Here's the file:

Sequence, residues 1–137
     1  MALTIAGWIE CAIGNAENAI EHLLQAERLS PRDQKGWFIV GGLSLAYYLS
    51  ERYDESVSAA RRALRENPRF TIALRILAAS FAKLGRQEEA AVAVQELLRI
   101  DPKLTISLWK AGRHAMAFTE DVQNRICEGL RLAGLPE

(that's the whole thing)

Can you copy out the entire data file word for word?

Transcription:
Sequence, residues 1–137
     1  MALTIAGWIE CAIGNAENAI EHLLQAERLS PRDQKGWFIV GGLSLAYYLS
    51  ERYDESVSAA RRALRENPRF TIALRILAAS FAKLGRQEEA AVAVQELLRI
   101  DPKLTISLWK AGRHAMAFTE DVQNRICEGL RLAGLPE